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Magnets: They're Not Just for the Fridge Door Anymore
by Zachary Levin

The Domino Effect

I play basketball in Central Park with a bike messenger called Domino who wears a Chris Webber Kings jersey, Air Jordans, and breakaway pants. The apparel has not given him game—he’s terrible. But considering that only two years ago he was hit head-on by a cab while on his route, it’s a miracle he’s playing at all. 

I once asked him how he made such a phenomenal recovery. He said, “Gotta be the magnets.” Then he lifted up his jersey, revealing a dozen small magnets taped to various joints and pressure points. He wore magnetic insoles in his Air Jordans and slept on a magnetic mattress pad. I was ready to go out and buy stock in a magnet company until I discovered that Domino had never seen an infomercial he didn’t like. (I excused myself when he started telling me about a device he had ordered to increase the size of his penis.)

What’s Behind This $300-Million-Dollar Industry?

The concept of magnetic therapy is simple and goes all the way back to ancient Egypt. Magnets stimulate electromagnetic fields in the cells of the body, improving circulation and promoting faster healing and general good health. This is corroborated by Steven Abramson, M.D., chairman of the Department of Rheumatology and Medicine at the Hospital of Joint Disease in Manhattan, NY. Abramson cites animal research showing that “by altering magnetic fields, you can alter blood flow or reduce the amount of inflammation by blocking the movement of inflamed cells.” 

Robert Park, Ph.D., professor of physics at the University of Maryland, doesn’t buy into this. “The efficacy of magnetic therapy is zero,” Park says. “There’s not even a magnetic field to speak of. The way the therapy magnets are made, the fields don’t penetrate much over a millimeter. They barely get through the skin and certainly not through the subcutaneous fat.” Park also disputes the claim that because blood contains iron, magnetic fields have an effect on its flow. “The blood itself in which the hemoglobin is contained is diamagnetic, which means that, if anything, it is slightly repelled,” he says. “And the thermal agitation of the molecules in the blood alone is enough to overwhelm any effect.” 

Can Magnets Heal You?

Nevertheless, clinicians are employing magnetic therapy for everything from sports injuries to depression, arthritis to chronic fatigue syndrome, headaches to allergies, even for—keep your knickers on—controlling the bowels and bladders of tens of thousands of incontinent women. The Food and Drug Administration has warned doctors and manufacturers about health claims for magnets. In general, the medical establishment treats magnetic therapy as quackery. A Mayo Clinic Health Letter (August, 1998) states that reports of magnetic therapy “are mainly anecdotal” and that “there’s little medical evidence to back up health claims, and the therapy is still considered experimental.” 

The Pros

The research most often cited by proponents of magnetic therapy was conducted in 1997 by Carlos Vallbona, M.D., at Baylor College of Medicine, in Houston, TX. It was a double-blind study with post-polio patients. In the Archives of Physical Medicine and Rehabilitation, Vallbona reported that patients experienced acute relief from chronic muscular and joint pain after having magnets strapped to the most sensitive areas of their bodies for several minutes.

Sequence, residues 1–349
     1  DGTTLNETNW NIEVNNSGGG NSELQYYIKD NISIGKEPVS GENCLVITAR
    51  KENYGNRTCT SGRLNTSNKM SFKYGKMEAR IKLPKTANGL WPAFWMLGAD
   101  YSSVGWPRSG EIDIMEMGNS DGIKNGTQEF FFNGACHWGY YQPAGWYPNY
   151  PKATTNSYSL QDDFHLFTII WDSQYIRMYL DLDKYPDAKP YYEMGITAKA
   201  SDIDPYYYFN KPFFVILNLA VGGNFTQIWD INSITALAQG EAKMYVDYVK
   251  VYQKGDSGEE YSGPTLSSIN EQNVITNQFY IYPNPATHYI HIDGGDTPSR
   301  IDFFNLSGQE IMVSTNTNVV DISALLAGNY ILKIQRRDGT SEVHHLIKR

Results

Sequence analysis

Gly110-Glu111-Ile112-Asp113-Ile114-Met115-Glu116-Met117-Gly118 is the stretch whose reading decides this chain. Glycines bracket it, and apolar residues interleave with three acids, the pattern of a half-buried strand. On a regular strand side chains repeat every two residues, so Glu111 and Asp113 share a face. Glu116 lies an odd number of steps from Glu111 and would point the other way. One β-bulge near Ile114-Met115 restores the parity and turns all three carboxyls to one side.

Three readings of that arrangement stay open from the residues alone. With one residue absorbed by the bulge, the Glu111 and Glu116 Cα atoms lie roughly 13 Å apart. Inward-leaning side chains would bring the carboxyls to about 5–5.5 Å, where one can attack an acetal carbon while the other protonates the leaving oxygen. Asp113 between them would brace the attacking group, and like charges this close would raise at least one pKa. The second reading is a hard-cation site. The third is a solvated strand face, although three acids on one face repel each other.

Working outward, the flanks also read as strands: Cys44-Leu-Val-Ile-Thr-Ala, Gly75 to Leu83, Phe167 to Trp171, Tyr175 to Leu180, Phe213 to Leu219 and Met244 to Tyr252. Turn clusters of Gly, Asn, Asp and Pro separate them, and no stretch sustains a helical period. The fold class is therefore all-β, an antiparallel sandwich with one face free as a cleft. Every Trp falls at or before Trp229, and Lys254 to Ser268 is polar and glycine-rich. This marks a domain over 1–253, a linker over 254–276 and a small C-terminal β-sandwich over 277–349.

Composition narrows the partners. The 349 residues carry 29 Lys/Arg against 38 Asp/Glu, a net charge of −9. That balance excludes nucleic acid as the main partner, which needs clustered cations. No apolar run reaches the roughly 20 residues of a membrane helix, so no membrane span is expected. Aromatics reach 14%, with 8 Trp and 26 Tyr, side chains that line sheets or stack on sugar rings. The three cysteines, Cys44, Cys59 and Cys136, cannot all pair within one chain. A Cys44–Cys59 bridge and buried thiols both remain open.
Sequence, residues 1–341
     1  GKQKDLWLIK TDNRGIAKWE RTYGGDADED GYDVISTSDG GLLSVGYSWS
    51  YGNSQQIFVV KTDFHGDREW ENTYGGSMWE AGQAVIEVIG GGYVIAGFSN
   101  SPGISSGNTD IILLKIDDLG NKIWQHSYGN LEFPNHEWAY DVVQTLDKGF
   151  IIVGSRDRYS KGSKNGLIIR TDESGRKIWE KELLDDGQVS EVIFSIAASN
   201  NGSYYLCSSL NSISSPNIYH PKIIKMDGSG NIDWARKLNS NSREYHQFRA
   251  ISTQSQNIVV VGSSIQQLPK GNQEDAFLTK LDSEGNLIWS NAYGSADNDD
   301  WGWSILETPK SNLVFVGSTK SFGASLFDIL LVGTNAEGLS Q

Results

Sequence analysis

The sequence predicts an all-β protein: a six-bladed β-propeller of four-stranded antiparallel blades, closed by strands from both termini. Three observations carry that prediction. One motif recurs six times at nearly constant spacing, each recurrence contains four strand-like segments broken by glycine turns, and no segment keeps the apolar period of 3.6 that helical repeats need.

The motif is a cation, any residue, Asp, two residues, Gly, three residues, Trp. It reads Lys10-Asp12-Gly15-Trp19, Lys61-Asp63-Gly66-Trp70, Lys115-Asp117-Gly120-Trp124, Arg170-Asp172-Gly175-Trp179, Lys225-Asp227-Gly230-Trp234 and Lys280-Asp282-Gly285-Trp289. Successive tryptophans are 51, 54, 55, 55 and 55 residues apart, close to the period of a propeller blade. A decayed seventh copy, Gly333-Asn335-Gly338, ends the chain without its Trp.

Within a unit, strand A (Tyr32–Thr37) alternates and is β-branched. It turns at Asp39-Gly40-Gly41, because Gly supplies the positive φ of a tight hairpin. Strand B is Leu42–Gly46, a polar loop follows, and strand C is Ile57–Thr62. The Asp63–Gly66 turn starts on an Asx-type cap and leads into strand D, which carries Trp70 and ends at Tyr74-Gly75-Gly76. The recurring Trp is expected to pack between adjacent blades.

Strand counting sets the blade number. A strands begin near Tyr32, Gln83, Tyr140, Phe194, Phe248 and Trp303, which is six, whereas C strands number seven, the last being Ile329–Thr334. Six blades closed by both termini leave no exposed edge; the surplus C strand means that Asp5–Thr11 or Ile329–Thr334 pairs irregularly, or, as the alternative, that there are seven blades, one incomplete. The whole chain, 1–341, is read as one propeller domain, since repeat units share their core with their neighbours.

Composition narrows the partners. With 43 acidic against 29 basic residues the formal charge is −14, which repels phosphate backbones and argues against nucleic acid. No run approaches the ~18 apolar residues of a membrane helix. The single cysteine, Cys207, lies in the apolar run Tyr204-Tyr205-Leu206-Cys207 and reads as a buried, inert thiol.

The Cons

Some professional athletes swear by magnetic therapy, which has helped increase sales. At least eighty golfers on the pro tour use magnets. (Personally, I’d think twice before becoming a human lightning rod on the links.) And former Yankee pitcher Hideki Irabu has used magnets for years, taping dozens of them underneath his uniform. Had Irabu been more successful on the mound, it’s conceivable that fans all across the world would be using magnetic therapy rather than gulping down androstenedione, the potion of choice of Irabu’s teammate Mark McGwire.

Until more long-term research is done, magnetic therapy will be tagged with that back-of-the-magazine stigma, sandwiched between ads for herbal pills for breast enlargement and fat-melting bodysuits. The American medical establishment has traditionally been skeptical of alternative treatments. Europe, the Middle East, and Asia, however, have a different perspective on this issue. Magnetic therapy is even covered by health insurance in Germany, Israel, and Japan (where for decades magnets have been sold over-the-counter at drug stores), as well as in forty-five other countries.

It looks like magnetic therapy is more than a passing fad. Whether it will gain widespread acceptance in this country the way acupuncture, massage, and Chiropractic medicine have, remains to be seen.

Magnet Do’s and Don’ts

  • Healing Magnets: A Guide for Pain Relief, by Sherry Kahn, M.P.H., (Three Rivers Press, June 2000), is a good resource if you’re interested in learning more about magnetic therapy. 
  • Magnets are available in department stores, over the Internet, and through independent distributors. 
  • The greatest risk with magnets is their affect on items in your pocket or purse. If magnets come into contact with your credit cards, they may wipe out the magnetically coded information on them. 
  • Magnetic therapy is not advisable for anyone who is pregnant or who has cancer in case it actually does affect cell growth.

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